Fabio Vedovelli

At this point of my life, purely Javascript!

Front End Service Layer with Axios

February 27, 2020

In this article I’m gonna show you how I keep my AJAX calls organized in services which in turn are consummed by the Vuex store.

Disclaimer: Although the article uses Vue.js for demonstration, this technique perfectly suits a React project with Redux or a Svelte project.


The source code of this article is waiting for you in this repository: https://github.com/vedovelli/article-service-layer

Service Layer

Picture by unsplash-logoGalen Crout

When I started learning how to develop complex and interactive interfaces I used to keep everything in the component. The component needs a list of objects? Import Axios, make the AJAX call, and store the data returned in the local state of the component. The request returns an error? It is also the component’s responsibility to deal with it.

This flow worked well for a while but soon I’ve bumped into the code duplication problem. Why dealing with errors coming from the server over and over again if I know it is possible to do it centrally? I also faced the limitation of sharing information that had already been requested by other the component(s).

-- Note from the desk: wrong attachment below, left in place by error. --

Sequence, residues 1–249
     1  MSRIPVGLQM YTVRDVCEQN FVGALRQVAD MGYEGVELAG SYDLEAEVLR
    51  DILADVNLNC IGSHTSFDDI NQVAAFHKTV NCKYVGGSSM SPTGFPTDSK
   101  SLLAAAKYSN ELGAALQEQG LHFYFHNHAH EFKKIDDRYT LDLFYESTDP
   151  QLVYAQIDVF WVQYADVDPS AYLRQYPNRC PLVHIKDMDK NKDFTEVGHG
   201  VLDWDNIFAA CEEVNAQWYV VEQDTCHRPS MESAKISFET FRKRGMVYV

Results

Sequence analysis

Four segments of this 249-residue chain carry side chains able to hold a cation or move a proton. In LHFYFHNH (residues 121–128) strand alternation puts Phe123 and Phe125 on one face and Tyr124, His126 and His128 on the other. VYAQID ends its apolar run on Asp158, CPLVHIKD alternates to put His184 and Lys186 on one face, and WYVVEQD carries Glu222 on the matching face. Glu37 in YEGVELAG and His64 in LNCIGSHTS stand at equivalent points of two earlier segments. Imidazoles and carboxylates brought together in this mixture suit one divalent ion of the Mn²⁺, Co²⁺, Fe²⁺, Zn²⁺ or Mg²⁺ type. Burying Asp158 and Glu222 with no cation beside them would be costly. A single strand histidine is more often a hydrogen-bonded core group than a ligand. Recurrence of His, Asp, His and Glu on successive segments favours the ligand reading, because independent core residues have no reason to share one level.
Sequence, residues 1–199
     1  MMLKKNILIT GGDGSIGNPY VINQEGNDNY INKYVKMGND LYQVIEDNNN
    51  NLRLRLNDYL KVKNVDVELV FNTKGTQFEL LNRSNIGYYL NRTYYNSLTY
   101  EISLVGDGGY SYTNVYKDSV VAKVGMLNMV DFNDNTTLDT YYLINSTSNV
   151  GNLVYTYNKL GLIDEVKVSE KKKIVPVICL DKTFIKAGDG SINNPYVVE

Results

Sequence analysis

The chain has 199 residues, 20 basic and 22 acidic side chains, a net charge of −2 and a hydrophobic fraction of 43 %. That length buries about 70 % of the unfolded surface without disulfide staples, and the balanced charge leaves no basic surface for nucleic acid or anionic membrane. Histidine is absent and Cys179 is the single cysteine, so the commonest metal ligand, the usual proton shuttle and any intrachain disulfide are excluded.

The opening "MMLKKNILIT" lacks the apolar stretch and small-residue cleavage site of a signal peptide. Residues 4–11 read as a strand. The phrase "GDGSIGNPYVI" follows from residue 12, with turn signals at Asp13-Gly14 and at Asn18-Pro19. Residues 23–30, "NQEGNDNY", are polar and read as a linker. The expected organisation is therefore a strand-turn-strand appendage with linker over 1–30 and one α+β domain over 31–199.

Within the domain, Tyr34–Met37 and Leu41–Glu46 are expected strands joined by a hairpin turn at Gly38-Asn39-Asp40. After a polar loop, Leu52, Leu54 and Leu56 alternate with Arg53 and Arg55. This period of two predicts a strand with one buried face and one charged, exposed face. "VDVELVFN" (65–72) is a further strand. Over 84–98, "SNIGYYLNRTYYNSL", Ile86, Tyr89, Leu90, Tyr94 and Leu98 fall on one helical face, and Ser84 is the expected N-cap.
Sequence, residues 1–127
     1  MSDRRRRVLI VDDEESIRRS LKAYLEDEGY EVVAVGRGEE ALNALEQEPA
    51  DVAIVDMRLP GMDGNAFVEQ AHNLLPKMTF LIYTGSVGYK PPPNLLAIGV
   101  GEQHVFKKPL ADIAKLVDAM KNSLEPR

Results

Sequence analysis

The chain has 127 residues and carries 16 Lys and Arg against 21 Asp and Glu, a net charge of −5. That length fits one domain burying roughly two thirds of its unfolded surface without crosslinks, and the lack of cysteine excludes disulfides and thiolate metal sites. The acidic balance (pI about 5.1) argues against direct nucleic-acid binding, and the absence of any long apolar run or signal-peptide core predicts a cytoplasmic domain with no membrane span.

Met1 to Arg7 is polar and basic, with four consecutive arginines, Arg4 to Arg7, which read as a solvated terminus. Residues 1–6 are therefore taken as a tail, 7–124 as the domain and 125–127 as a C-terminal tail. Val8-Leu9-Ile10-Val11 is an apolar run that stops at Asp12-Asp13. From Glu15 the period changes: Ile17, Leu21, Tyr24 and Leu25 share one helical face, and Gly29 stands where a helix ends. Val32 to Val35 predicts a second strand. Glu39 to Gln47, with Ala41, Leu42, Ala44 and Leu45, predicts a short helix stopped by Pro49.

After a time of research and experimentation, I arrived at the model I call Service Layer.

Understanding the Service Layer

The complete flow Download larger image

It consists of creating a services folder in your src folder and then files with methods to make the AJAX calls. These methods will always return a Promise, allowing components to take actions after its resolution, if necessary.

Folder structure

src/services/index.js

import axios from 'axios';
import * as userService from './users';

/*
 * You can customize Axios settings
 * Ver mais em https://github.com/axios/axios
 */
const http = axios.create({
  baseURL: '/api',
});

// Exports Axios object to be used by the services
export default http;

// Exports the services so they can be used by Vuex's actions
export { userService };

src/services/users.js

import http from '@/service';

export const users = () => http.get('users');

Moving forward with good practices, services are used EXCLUSIVELY by the Vuex store, which uses the data returned to supply its state and thus make the data available to all components that are interested in.

The flow summary is:

Component (executes the Action) > Action (executes one or more Service methods) > Service (makes the AJAX call) > Action (receives back the data and stores it in the Vuex state).

What about the error messages?

In Service Layer I add interceptors (I use Axios) that allow me to interact with calls before and after their execution. For the moment BEFORE I can customize the request by adding new elements, such as a header with JWT. If I need to act AFTER a response is received, for instance, to check if an error has occured in the server, I execute a Vuex action that will save the error message in the Vuex store. The message will then be available to all components that are interest in it.

src/store/index.js

import Vue from 'vue';